Interactive Gaming and Alternative Content. Apple isn’t going to rush into the profitless business of developing disposable platforms for console gaming, but with the iPhone, iPods, and Apple TV, it can offer interactive gaming and content that delivers a real market for developers and lots of options for users. Once the iPhone SDK arrives, Apple’s OS X platform will be inundated with the largest surge in developer interest ever. Imagine something bigger than pairing the Mac market with NeXT technology: visualize the opposite of the Windows Vista yawn.
Another gaming-related option Apple should consider is making an iTunes Wii channel in partnership with Nintendo. Just as you can download the Opera web browser for Wii, you should be able to download a software module that enables you to stream music from your iTunes library. The Wii could act as the composite video version of Apple TV, and since Apple makes little money on that device, selling a $5 software version to Wii users would only help make iTunes more attractive to a new set of users.
The Wii might not be able to decode and play H.264 video, but it could be an iTunes music player with visualizations and Dolby Surround sound and show off iPhoto albums. Conversely, perhaps Apple could also talk Nintendo into developing games for the Mac, iPhone, and iPods in order to reach a demographic beyond console gamers and the youth-oriented DS handheld.
Ubiquitous AirPort WiFi. A parallel effort Apple should investigate is the creation of a volunteer WiFi network that iPhone/iPod Touch users could sign into on an optional basis. Use encrypted traffic to prevent any data security or wiretapping issues, then offer membership to anyone with an Airport Extreme base station. Roll out a firmware update for AirPort routers that enables .Mac users to login and authenticate with any participating AirPort network. Share yours, I’ll share mine and we’ll have WiFi nearly everywhere that can be securely and casually used to get Internet access when needed.
Limit accounts to reasonable bandwidth quotas so that nobody ends up noticing the extra traffic. Keep traffic both encrypted and tied to a .Mac account so that there won’t be any scandalous use by anonymous kiddie pornographers, Al Queda, or Windows botnets. It won’t solve world peace, but will make WiFi on mobile devices far more valuable, spur the deployment of ”open but not naively wide open“ WiFi, and solve the catch-22 that currently prevents WiFi from being deployed commercially or municipally.
Interestingly, Apple already leads US market share among 802.11n wireless routers according to NPD. With Ubiquitous WiFi, Apple could create a ”grassroots“ mobile WiFi network without spending $5 billion or more as Google is prepared to do in its 700 MHz bidding. Apple could even resell access to the WiFi pool to other mobile makers, or make it a feature of .Mac subscriptions, with discounts to members who add their AirPort to the network, or perhaps even rebates paid as commissions for shared traffic. That could prompt business users to throw open WiFi networks as a self-supporting altruism without raising privacy or security concerns.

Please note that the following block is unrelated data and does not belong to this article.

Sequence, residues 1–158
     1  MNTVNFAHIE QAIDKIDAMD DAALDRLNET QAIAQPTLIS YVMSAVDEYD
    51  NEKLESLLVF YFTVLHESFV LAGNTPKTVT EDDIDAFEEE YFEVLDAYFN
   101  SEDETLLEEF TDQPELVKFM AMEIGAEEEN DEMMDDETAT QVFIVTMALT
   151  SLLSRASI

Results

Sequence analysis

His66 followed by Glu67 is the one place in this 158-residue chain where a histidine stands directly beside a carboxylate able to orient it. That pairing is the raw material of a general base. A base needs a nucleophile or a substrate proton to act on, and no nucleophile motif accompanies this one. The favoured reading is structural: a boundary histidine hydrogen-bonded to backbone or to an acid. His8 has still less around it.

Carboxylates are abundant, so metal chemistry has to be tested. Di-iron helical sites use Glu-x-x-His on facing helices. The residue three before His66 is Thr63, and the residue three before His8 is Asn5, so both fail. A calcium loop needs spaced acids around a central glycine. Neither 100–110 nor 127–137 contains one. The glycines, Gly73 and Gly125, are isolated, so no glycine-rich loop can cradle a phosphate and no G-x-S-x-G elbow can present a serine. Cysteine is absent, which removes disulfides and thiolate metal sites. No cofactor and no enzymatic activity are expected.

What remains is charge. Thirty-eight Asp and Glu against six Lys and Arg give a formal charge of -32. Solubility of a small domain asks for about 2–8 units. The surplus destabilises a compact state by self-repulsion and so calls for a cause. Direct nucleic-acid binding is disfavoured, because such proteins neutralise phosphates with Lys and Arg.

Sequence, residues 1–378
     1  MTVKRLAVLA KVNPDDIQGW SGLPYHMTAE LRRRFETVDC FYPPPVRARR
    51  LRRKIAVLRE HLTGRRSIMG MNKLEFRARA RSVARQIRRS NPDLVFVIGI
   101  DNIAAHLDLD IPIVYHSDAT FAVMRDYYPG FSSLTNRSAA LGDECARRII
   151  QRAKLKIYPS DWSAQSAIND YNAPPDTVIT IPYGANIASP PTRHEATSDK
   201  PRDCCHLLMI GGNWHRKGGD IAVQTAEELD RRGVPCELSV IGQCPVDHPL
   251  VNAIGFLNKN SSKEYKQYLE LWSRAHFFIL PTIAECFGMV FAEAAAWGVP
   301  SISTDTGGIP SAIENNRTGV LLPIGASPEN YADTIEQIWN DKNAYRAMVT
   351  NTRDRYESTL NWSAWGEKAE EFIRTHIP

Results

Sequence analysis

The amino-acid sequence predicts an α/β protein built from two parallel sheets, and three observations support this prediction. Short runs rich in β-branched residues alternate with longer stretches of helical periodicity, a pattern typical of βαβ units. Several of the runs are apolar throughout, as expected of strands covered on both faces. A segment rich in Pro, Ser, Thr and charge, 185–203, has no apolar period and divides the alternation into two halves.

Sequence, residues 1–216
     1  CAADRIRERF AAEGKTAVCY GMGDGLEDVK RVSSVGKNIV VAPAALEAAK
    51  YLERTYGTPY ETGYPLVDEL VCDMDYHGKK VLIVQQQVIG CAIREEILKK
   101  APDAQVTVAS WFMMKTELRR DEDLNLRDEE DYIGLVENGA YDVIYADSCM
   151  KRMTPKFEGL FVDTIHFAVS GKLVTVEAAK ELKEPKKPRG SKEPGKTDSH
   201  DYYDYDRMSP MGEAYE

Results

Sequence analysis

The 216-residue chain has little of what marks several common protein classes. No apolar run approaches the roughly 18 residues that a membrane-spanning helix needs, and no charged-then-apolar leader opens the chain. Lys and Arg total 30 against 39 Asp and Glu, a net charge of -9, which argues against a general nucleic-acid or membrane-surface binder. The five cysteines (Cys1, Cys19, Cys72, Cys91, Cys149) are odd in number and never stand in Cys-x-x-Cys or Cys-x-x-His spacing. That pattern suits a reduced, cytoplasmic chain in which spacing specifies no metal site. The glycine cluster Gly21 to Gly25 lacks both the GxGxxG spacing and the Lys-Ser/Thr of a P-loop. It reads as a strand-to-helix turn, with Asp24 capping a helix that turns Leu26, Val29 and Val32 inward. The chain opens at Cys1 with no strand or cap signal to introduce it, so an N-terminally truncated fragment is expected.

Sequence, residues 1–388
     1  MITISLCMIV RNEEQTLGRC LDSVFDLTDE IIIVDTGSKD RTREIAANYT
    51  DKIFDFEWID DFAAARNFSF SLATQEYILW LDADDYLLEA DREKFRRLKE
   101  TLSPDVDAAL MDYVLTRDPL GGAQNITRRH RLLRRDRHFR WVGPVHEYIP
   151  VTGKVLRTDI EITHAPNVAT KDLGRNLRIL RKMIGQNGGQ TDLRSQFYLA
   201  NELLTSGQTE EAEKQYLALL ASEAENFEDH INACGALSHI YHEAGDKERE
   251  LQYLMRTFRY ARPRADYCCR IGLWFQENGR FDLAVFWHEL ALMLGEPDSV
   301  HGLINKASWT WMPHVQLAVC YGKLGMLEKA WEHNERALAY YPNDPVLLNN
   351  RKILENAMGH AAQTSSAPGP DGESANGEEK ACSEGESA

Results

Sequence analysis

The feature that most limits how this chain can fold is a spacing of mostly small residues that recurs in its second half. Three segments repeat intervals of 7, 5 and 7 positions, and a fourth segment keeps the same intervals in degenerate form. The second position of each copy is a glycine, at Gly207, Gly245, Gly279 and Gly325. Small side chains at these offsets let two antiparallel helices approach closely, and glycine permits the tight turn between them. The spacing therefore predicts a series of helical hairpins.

This year, Airport Extreme introduced the idea of wide area Bonjour, followed up with configuration integration with Mac OS X Leopard Server. The idea of having a your desktop or laptop computer interact intelligently with your router to make sure everything ”just works“ both locally within your network and when using remote features such as Back to My Mac, Remote Desktop, or iChat teleconferencing also holds out the possibility for other examples of what Apple can do when it controls the whole widget. There’s more to be done, as the work required for Time Machine backup hosting indicates.
Xserve mini. I outlined a plan for a personal server back in 2006. The new Mac OS X Leopard Server now delivers on the software side with an entry level setup that is nearly ready for a basic embedded server box. Create a new appliance box along the lines of an Apple TV but focused toward serving data rather than syncing media, and make it as easy to administer as the AirPort Extreme.
Or perhaps take the AirPort itself and add more services so it could handle the email, file, and web serving of a home or small office, complete with the slick shared wiki, blogging, and calendar services offered in Leopard Server.
On the pro end, Apple could add an Asterisk PBX module for office telephony and turn the phone industry upside down with a low cost solution that just works. Then sell Macs to the thousands of small offices that upgrade their phones from their existing creaky old OS/2 PBX boxes. Call it the Macintosh Office.
The Xserve mini
Windows Home Server vs AirPort Extreme
Steve Jobs and 20 Years of Apple Servers
Apple’s Next Killer App
Made for Mac. Just like Apple’s ‘Made for iPod’ and ‘Made for iPhone’ licensing programs, which extort fees from accessory makers in exchange for a compatibility seal of approval, Apple needs to make a Made for Mac logo that assures compatibility with Apple’s technologies. Among them:
- Bonjour for automatic discovery and configuration of printers, WiFi devices such as security cameras and toys, software sharing services that mimic iTunes and iPhoto, audio and video equipment, and other applications that desperately need standards-based autoconfigurability.